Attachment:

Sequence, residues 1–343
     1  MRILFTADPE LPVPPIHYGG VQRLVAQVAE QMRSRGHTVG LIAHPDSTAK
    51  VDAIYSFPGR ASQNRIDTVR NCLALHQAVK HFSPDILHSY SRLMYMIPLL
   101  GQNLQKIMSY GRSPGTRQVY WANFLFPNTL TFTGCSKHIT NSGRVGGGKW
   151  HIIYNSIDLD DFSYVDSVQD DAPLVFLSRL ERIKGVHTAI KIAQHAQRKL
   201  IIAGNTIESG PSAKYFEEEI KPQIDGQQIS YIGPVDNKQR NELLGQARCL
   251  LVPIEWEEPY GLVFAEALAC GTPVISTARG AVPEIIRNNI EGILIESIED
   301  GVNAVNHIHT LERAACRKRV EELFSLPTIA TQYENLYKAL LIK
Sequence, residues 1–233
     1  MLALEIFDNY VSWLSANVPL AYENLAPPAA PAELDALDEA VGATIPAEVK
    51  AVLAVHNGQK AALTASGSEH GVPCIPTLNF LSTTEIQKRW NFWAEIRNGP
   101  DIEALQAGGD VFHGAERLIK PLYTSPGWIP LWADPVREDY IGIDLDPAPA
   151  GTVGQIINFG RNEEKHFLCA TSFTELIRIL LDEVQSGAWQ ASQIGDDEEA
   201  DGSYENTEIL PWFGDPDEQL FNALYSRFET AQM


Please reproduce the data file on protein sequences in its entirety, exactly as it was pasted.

Sequence, residues 1–343
     1  MRILFTADPE LPVPPIHYGG VQRLVAQVAE QMRSRGHTVG LIAHPDSTAK
    51  VDAIYSFPGR ASQNRIDTVR NCLALHQAVK HFSPDILHSY SRLMYMIPLL
   101  GQNLQKIMSY GRSPGTRQVY WANFLFPNTL TFTGCSKHIT NSGRVGGGKW
   151  HIIYNSIDLD DFSYVDSVQD DAPLVFLSRL ERIKGVHTAI KIAQHAQRKL
   201  IIAGNTIESG PSAKYFEEEI KPQIDGQQIS YIGPVDNKQR NELLGQARCL
   251  LVPIEWEEPY GLVFAEALAC GTPVISTARG AVPEIIRNNI EGILIESIED
   301  GVNAVNHIHT LERAACRKRV EELFSLPTIA TQYENLYKAL LIK
Sequence, residues 1–233
     1  MLALEIFDNY VSWLSANVPL AYENLAPPAA PAELDALDEA VGATIPAEVK
    51  AVLAVHNGQK AALTASGSEH GVPCIPTLNF LSTTEIQKRW NFWAEIRNGP
   101  DIEALQAGGD VFHGAERLIK PLYTSPGWIP LWADPVREDY IGIDLDPAPA
   151  GTVGQIINFG RNEEKHFLCA TSFTELIRIL LDEVQSGAWQ ASQIGDDEEA
   201  DGSYENTEIL PWFGDPDEQL FNALYSRFET AQM